By 2003, muscular arms tense to action as clad legs stretch out on a patch of grass.  In another frame, arms and legs connect to a chequered floor and daubed walls through wired devices. A year later, Phaneendra’s vision has shifted ground. Hands, toes, torsos are embedded in a concrete structure, while heads float free above the emergent landscape. Multiple hands, tentacle-like, caress a stone-aged face, etched deeply with life, emotion and time. A torso attempts to scale a wall, as roots, grasses, or nerve ends creep up its vertical plane, anchoring it in The Other World, while simultaneously liberating it from linear frameworks. A statement of detachment? Of futuristic possibilities? Or a virtual theatre rendition of a soothsayer’s prophecy about the future of humankind?

Strongly couched, skillfully executed, scaled to a dark vision, a vital cue to the artist’s mindscape emerges from a 2004 work, titled (only half tongue-in-cheek) as ‘Self-portrait with watch.’ It is a sketch that seethes through the inner landscape, encountering angst, gratification and an instinct to turn somersaults into the unknown. These very instincts limn the current show, underlining the essence of the artist, and his promise for the future.

Whether in bright T-shirts or set along barbed wire, whether sketching in a link to the Neanderthal man or hinting at the missing link, Phaneendra’s world seems to straddle the cusp between reality and fantasy. Half-robotic, half-ideational, these beings belong equally to our oddball world today, and to bustling imaginary spaces of nowhere. Walls seem to separate them from accepted contemporary frames, even as they gaze into our domain. Nuts, bolts and metallic strips seem their very essence, in lieu of blood, sweat and tears. A flower held by one acquires a dissonant touch, as does a newspaper another figure seems immersed in. Conceptually, they have shifted gear from the emotive human landscape of his earlier work. These figures have human attributes, yet do not quite belong on our plane.

Have they been catapulted to a timeless sphere? To a yogic world that defies binary logic and defined schisms? Few answers teem amidst the ebb and flow of questions, doubts, even definitions.  

The works inevitably make the viewer stop to wonder: what propelled Phaneendra into the creative world? Did he have to battle odds and conservative circumstances to explore the unknown? Was he thrust into this brave new world against his own volition?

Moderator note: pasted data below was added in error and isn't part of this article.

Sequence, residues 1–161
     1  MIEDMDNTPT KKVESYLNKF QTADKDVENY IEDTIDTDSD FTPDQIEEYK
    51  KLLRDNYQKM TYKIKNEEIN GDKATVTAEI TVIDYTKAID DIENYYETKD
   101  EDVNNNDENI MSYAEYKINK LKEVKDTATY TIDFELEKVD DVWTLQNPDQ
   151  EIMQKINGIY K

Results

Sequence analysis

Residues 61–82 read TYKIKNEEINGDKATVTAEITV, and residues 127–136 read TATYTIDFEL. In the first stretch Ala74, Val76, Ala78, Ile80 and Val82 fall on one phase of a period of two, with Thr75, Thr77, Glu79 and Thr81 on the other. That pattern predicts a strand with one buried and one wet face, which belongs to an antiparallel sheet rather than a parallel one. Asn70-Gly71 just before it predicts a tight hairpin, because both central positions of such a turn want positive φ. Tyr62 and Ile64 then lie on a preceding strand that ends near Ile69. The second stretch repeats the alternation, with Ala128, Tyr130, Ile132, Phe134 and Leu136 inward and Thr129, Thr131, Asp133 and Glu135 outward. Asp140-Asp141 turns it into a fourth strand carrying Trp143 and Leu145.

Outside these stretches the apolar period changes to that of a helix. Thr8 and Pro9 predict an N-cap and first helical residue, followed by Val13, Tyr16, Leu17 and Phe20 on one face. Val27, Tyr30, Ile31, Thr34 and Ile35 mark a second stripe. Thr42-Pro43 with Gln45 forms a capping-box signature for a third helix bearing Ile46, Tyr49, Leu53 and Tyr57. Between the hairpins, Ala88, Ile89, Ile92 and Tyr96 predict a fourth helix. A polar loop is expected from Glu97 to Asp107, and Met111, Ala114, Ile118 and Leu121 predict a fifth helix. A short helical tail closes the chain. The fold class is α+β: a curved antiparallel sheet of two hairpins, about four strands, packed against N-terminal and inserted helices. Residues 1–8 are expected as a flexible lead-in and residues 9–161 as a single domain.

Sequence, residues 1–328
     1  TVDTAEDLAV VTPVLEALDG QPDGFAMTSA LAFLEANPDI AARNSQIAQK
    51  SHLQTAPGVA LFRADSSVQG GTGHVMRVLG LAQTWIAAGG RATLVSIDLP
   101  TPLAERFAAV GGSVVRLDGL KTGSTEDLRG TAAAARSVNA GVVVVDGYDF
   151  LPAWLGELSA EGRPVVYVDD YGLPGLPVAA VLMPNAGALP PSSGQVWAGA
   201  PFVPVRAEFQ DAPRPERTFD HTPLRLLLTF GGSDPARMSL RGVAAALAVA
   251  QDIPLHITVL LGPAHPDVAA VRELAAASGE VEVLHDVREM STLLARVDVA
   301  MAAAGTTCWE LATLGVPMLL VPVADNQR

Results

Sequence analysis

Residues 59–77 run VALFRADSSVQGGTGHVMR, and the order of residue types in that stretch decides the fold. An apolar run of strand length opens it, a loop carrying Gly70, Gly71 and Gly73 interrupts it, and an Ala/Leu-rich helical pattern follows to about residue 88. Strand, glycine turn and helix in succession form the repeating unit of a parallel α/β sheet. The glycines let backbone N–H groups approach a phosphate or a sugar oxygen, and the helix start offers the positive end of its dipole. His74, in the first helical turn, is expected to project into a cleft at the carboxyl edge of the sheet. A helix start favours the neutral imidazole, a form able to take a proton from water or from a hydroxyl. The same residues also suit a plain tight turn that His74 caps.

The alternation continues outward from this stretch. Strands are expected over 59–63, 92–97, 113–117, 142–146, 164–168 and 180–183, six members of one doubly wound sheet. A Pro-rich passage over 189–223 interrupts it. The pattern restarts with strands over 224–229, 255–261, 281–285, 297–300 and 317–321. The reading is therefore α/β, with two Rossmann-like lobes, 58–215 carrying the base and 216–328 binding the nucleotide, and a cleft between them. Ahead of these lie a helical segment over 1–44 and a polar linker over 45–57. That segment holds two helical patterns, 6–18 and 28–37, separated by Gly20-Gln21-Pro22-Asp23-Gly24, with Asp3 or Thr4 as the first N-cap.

Not quite. For tracing his route to the present, Phaneendra emphasizes distinctive influences and imperatives. Such as the encouragement of his father, a well-known Hindi creative writer, buttressed by the vision of his mother. At 16, faced with a tough choice between a career in the Indian Foreign Service (IFS) and the uncertainties of a life in art, he opted for a Bachelor of Fine Arts (BFA) at Lucknow University.

With felicity, he recalls how an encounter with the Indian Airlines in-flight magazine, ‘Swagat,’ transformed his vision forever as a youth. Flipping through its pages, he stumbled across images of paintings that rivetted him, challenging his notions of the essence of art. These images, he later discovered, were by a legend within the Indian context, Syed Haider Raza, an artist who once declared, “My inspiration has been the works of writers or painters or even musicians, such as the Ustad who said: ‘See with your ears, hear with your eyes.’”

If Raza’s work distils the technique and science of painting that he imbibed during his French sojourn, his essence remains the bindu, symbolizing the triumvirate of Indian art, aesthetics and awareness. Imbibing this essence, Phaneendra fuses the past, present and future into a continuum that triggers a pulsing, energizing debate that engages the viewer and the artist equally.

The debate engages with the quintessence of philosophical and artistic issues. Who is an artist in our day and time? Is breakaway experimentation essential to artistic progress? Can an extension of New Age and Generation Next potential, within a neo-classical practice, be valued as equally valid as new-fangled expressions? At what point do the personal and the public spaces overlap within art practice?

As Phaneendra Nath Chaturvedi explores his evolving artistic milieu more deeply, some answers may surface, perhaps startling him into redefinitions. These moments, which could re-mould his practice as much as his affirmations, will be worth observing with keenness. For they will define whether the artist fulfils the current promise on show. Or if he will startle us into discomfited thought, beyond anthropomorphic exercises, or the tentative morphings of our sci-fi universe